Continuing to add young talent at the right price is key to the Cowboys' ongoing rebuild on defense, now visiting with a local safety prospect that should be available to them in the later rounds. Texas' DeShon Elliott is officially a name to consider come draft week in Dallas.
Cowboys Draft: PSU WR DaeSean Hamilton Fits Cowboys’ “Type”
Last week, I detailed what the Cowboys tend to look for when drafting a wide receiver. In terms of a combine profile, Dallas clearly has a "type" of wide-out they like to target.
The Cowboys certainly need to upgrade their receiving corps, but with the plethora of other holes to fill, they may not be able to do so until the 3rd or 4th round. Luckily for the Cowboys, there is at least one receiver which both fits their profile and should be available early on day three.
That player is Penn State wide receiver DaeSean Hamilton.
Working on something for @InsideTheStarDC... here's the height, weight, 40 time, and 3 cone for every WR DAL has taken since 2010.
First, let's re-examine what the Cowboys like to look for. As you can see from the above graphic, the Cowboys draft targets all seem to fit a similar profile. If we treat Dez Bryant as their "ideal" draft pick, the trends become even clearer. Dallas wants to find a wide-out who is about 6'1" 205 pounds, runs nearly a 4.5 40 yard dash, and about a 6.9 three come time.
DeaSean Hamilton, coincidentally, is 6'1" 203 pounds, ran a 4.47 40 yard dash at the Penn State pro day, and ran a 6.84 three cone at the combine. Penn State's all time receptions leader stole the show at the 2018 Senior Bowl, putting all of "Draft Twitter" on notice to his talent.
An efficient and smooth route runner, Hamilton looks natural coming in and out of breaks, creating separation with his precise routes. The Cowboys don't have many receivers on their roster who can win with their route running, and adding a player like Hamilton would greatly help third year quarterback Dak Prescott moving forward.
With the ability to play in the slot, as well as potentially being a Z receiver for the Cowboys and a replacement for Terrance Williams, Hamilton would be an excellent draft target in the third or fourth round. And, keeping in mind how nicely he fits their typical draft profile, I'd expect Dallas to target Hamilton during the 2018 NFL Draft.
Dallas Cowboys Mock Drafts Address Needs at 3 Different Positions
"Tier two" of NFL Free Agency is here, meaning the Dallas Cowboys can set their sights on adding depth and filling the holes left by departed FAs Anthony Hitchens and Jonathan Cooper.
It may take another week for mock drafts to reflect the losses of both starters by the Cowboys, but the ongoing draft process does not slow down at any point. A few of the names the Cowboys will bring in for pre-draft 30 visits have already been released, and this week's roundup of national mock drafts continues to address the overall needs on this Dallas roster.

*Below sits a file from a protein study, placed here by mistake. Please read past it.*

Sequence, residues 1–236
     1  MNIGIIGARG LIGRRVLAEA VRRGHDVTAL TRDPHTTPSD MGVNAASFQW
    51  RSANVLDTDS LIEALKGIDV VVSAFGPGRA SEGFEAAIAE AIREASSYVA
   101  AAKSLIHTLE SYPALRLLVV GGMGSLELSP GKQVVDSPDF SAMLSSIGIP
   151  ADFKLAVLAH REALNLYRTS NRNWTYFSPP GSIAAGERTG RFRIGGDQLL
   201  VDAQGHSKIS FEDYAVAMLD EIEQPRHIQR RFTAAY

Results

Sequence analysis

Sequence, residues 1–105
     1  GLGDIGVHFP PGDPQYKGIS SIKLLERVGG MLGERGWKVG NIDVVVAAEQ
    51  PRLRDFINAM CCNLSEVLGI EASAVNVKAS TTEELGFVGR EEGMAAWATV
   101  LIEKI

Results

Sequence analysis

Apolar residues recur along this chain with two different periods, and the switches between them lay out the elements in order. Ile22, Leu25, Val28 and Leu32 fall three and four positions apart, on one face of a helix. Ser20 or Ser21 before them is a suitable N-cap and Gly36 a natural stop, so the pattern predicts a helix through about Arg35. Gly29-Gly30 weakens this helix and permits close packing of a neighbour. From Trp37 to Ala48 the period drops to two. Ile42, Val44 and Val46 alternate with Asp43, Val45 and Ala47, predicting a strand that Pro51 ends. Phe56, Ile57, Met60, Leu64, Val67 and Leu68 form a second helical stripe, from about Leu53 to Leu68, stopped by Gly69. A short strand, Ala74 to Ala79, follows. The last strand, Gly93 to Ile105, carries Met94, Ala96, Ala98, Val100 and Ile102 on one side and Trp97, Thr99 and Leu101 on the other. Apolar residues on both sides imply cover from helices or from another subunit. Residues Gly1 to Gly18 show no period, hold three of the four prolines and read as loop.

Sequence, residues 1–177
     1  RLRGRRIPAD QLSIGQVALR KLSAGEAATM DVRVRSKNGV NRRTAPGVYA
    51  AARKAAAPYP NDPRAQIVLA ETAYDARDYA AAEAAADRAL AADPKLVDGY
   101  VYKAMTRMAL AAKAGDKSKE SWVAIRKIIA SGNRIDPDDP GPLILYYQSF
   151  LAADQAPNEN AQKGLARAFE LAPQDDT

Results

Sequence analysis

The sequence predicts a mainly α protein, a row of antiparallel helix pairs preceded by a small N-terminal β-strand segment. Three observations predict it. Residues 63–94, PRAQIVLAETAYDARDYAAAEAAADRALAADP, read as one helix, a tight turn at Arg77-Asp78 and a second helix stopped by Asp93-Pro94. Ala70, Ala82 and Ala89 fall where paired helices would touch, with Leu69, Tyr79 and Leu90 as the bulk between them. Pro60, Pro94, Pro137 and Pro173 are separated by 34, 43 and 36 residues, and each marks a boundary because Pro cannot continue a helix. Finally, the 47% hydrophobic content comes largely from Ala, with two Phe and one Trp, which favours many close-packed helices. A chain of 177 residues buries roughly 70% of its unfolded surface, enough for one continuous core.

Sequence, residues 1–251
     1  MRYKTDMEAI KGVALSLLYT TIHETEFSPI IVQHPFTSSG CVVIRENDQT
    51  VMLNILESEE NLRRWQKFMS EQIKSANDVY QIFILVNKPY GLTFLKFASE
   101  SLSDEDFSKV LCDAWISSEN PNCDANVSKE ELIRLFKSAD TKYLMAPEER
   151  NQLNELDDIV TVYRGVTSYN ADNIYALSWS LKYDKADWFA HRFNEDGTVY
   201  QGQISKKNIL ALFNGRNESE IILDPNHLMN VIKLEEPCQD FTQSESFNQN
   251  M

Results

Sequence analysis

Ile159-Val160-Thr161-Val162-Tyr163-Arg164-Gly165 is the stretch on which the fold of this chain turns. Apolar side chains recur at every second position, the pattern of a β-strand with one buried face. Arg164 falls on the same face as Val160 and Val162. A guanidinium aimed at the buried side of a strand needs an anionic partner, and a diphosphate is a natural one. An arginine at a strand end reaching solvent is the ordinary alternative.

CBS Sports: Calvin Ridley, WR - Alabama
"Ridley's stock is down after an unimpressive combine, but the Cowboys decided to use one of their predraft visits on the talented wideout, who might not fall any further than this pick. Considering wide receiver is one of the team's biggest needs, they could jump at the chance to draft Ridley, who could eventually take over the No. 1 role if the Cowboys move on from Dez Bryant next offseason, which would save them more than $12 million on the cap."
The Dallas Cowboys will be meeting with free agent WR Allen Hurns today, a tangible second receiver that could immediately upgrade Terrance Williams' position. Hurns, unlike the lesser-known pass catchers the Cowboys looked at previously in free agency, may have enough talent entering his fifth season to take Calvin Ridley out of consideration in the first round.
For now, Ridley should absolutely remain in the conversation as this draft's top receiver. Frequently finding his way to the Cowboys in many post-Combine mock drafts, the Alabama star is just getting started in reaching his football potential and becoming an option for Dak Prescott on the outside.
Draft Wire: Vita Vea, DT - Washington
"Vea could realistically go higher than No. 19, but there may not be a ton of teams willing to draft a nose tackle early on in the draft. Vea’s much different from the average nose tackle, though, which is something the Cowboys would see firsthand if they were to pick him."
The hype for Vita Vea as a prospective Dallas Cowboys target has died down ever since Stephen Jones mentioned the team's preference to find 1T DTs with the traits to also rush the passer as a 3T. Simply being "different from the average nose tackle," as Infante writes here, may not be enough for Vea to be selected at 19th overall by the Cowboys.
Should the Cowboys be surprisingly wiped out at both guard and linebacker on their board, considering a rare prospect like Vea and the impact he could make in Rod Marinelli's scheme could become much more realistic though.
An investment like Vea at nose tackle feels like the safest way for the Cowboys to protect their franchise tag investment on DE DeMarcus Lawrence - while also potentially boosting the play of Maliek Collins and David Irving inside at DT.
Drafttek: Isaiah Wynn, G - Georgia
"... Isaiah Wynn played LOT for the SEC Champion and National Champion runner-up Georgia Bulldogs. Bill O'Brien's South coaching staff moved Wynn inside and he was easily the most impressive interior OL prospect during practice sessions..."
This would be one of the highest value picks the Dallas Cowboys could make at 19th overall. As it stands today, this team is in need of a starting left guard they can trust, which Isaiah Wynn can be from day one at the next level.
Despite their clear need up front, using another first round pick on an offensive lineman will surely generate some eyes rolls around Dallas on draft night. As if his mauling style of play and NFL-ready build aren't enough for the Cowboys to sell their fans on Wynn, his flexibility to provide needed depth at OT puts this Georgia product over the top.
✭ ✭ ✭ ✭ ✭
Recent trades by the New York Jets and Buffalo Bills to shake up the draft order may just be scratching the surface for the run of quarterbacks that takes place annually atop each draft. With as many as five QBs coming off the board prior to the Cowboys' first pick, their ability to add a quality starter at a position of need looks good.
Exactly what these positions of need will be by the end of free agency, and which prospects fill needs in Dallas, will update weekly as we continue to prepare you for the 2018 NFL Draft here at Inside The Star.